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By Kevin Shackleton, birder and veteran Birdathon participant from Newmarket, ON


The Warbler Hunters in 2017.

My original motivation for doing a Birdathon was to see more birds, with the help of three excellent birders who knew their way around my home region. I participated in my first Birdathon in 1994. While pinballing through York Region, Ontario, my team and I discussed the possibility of seeing 150 species on a Big Day. That goal stayed with me, and remained foremost in my mind when I went on to form a new Birdathon team – the West Humber Naturalist Warbler Hunters. This sparked an element of friendly competition between my new team and my old one.
There was often an air of desperation in my team as we neared the end of each Birdathon and were running out of places to find more species. We tried not to reveal our total if we crossed paths with our rivals. It seemed that they usually edged us by a species or two, and we often wondered out loud how they could always find that one extra bird. We were elated the few years when we equalled or exceeded their tally.
After one particularly disappointing result, we gave up on York Region and moved into Simcoe County. We had immediate success in 2009, and resolved to do future Birdathons within that county – one of Ontario’s largest.
We had a run of years in which we tallied over 140 species. Then, in 2017, we reached and exceeded my goal of 150 species in one day! It was a team effort, with Ron Fleming, Art Needles, and Christopher Dunn all adding species. Ron’s Golden Eagle and Chris’s Peregrine Falcon were the most notable finds. One of my original team members, John Watson, did his Birdathon in England that spring and missed our record-setting day, but will rejoin us in 2018.
If seeing a lot of birds is the main motivation behind your Great Canadian Birdathon (as it was for me at first), there are some things you can do to maximize your total. I spend some time each winter listening to CDs to be able to identify birds by song. I also scout out varied habitats in May to see if uncommon or difficult-to-find bird species might be present. Our Birdathon route is carefully designed to hit these locations at the best times of day to visit them. Preparations like these are especially important considering that some of our sponsors pledge a per-species amount.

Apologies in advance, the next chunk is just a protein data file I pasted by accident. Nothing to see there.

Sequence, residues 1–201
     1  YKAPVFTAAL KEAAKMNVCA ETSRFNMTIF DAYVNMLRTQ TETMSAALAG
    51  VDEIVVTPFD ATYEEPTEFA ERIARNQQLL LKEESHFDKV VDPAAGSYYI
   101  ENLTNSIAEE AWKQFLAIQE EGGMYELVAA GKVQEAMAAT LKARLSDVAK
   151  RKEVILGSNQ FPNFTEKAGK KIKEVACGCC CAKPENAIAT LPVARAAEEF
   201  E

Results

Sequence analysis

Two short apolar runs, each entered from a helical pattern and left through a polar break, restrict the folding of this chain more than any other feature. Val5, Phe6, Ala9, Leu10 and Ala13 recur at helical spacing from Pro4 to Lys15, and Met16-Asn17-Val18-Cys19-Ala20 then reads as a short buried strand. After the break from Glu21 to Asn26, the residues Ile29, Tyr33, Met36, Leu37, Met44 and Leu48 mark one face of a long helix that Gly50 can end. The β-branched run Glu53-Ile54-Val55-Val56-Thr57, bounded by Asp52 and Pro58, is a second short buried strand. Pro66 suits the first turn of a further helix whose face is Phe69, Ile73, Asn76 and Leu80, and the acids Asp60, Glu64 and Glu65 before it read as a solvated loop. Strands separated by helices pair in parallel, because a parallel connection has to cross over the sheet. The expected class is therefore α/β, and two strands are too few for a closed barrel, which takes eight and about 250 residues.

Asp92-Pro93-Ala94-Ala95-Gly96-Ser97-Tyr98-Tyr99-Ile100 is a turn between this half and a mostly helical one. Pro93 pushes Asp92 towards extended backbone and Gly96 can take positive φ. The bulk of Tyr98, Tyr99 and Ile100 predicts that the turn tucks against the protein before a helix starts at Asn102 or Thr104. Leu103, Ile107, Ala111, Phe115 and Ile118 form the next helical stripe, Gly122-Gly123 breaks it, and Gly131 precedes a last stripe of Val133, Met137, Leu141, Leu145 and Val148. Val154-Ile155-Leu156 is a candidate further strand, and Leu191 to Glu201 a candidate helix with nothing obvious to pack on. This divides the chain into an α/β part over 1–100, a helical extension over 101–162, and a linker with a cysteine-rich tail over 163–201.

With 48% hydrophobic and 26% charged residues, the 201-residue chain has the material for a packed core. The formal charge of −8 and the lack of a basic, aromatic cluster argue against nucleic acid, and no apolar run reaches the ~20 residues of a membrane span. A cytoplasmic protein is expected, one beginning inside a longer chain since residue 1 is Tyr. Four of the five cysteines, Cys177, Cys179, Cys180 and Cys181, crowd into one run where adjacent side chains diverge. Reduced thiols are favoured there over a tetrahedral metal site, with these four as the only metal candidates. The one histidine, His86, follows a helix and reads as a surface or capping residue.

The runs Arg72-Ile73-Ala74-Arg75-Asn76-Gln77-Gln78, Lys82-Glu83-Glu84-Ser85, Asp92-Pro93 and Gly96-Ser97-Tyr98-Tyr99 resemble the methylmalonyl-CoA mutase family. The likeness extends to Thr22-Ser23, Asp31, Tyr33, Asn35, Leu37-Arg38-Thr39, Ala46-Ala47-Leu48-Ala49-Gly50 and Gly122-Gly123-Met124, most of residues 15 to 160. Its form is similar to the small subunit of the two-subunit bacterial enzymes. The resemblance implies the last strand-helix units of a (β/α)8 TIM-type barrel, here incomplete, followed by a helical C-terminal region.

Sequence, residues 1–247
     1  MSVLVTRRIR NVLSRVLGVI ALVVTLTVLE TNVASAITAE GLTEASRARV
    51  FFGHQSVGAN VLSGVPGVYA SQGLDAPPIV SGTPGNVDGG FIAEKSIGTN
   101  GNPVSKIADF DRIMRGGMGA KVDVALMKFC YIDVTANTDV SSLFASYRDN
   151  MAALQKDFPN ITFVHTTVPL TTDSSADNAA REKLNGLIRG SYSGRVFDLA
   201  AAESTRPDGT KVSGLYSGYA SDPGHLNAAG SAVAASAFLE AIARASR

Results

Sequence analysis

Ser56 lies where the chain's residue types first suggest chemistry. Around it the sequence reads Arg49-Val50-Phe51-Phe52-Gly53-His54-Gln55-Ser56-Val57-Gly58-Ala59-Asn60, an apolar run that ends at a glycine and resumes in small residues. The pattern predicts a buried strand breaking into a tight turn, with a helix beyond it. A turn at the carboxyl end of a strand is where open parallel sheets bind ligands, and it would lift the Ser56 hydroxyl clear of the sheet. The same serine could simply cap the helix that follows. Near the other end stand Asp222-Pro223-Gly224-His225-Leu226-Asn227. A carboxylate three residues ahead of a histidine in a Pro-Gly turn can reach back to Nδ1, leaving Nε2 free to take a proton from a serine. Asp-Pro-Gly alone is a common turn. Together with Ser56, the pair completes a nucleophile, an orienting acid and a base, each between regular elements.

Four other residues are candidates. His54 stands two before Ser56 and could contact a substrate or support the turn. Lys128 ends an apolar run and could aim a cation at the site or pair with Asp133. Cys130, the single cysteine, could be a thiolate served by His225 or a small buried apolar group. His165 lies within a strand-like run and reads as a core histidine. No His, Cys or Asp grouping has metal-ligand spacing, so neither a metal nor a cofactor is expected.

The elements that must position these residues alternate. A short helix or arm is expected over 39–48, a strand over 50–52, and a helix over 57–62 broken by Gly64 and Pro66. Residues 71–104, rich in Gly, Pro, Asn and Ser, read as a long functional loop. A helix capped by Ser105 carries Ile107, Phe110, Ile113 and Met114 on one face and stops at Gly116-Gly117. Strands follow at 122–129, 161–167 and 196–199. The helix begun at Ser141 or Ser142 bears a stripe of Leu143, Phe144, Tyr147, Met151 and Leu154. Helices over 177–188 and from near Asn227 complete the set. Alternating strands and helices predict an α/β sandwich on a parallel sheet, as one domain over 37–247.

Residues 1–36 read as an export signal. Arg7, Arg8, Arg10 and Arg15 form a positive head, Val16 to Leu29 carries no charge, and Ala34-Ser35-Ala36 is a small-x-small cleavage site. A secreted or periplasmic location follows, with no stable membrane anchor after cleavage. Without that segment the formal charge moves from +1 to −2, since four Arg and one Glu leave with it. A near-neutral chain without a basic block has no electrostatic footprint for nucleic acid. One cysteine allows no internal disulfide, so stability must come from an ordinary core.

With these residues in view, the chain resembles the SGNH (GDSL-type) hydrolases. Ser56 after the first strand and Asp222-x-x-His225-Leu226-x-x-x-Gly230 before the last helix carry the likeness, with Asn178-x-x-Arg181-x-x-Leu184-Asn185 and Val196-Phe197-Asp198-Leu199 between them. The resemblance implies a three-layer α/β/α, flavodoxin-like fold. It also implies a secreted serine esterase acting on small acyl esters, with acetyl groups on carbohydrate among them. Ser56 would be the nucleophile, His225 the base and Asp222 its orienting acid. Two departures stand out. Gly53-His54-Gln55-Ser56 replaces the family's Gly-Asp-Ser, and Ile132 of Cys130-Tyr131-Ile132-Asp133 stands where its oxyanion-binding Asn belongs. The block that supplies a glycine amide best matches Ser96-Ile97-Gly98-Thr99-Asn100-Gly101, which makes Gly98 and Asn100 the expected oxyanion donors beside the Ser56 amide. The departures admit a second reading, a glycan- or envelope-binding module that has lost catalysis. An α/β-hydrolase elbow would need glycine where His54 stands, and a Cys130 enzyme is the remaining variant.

Having fun is also a worthy goal. An enjoyable Birdathon requires a team with good humour and good birding skills, and my team scores highly on those attributes. My stomach has often been sore from laughing at the jokes and badinage. At a certain point, we began sitting down to a steak dinner the night before each Birdathon – a pleasant tradition that has continued to this day!
Yet another reason for doing a Great Canadian Birdathon is to raise money for research and conservation, and over time, my motivation has developed along this track. George Pond was consistently at the top of the fundraising sheet, and I decided to see if I could meet or exceed his total. Naturalist organizations are perennially short of funds and it was a way to fill the coffers of my club, the now disbanded West Humber Naturalists. We now have a second top-ten fundraiser on the team in Art Needles. Our share of the funds we raise this year will go to the Kawartha Field Naturalists as they seek to improve a nature reserve they steward for Ontario Nature.
Birdathons can turn up life birds and lifelong friends. I have had a few memorable sightings over 24 years of Birdathons (Blue-winged Warbler and Brant Goose being just two), but the best part has been the friends I made while chasing birds. That is why I think you, too, should take part in the Great Canadian Birdathon.
Kevin Shackleton is Team Captain of the Warbler Hunters. Visit their team page if you’d like to help them meet their 2018 fundraising goal. Thank you, Kevin, for taking on your 25th Birdathon, and for all the funds you and your teams have raised for conservation over the years!

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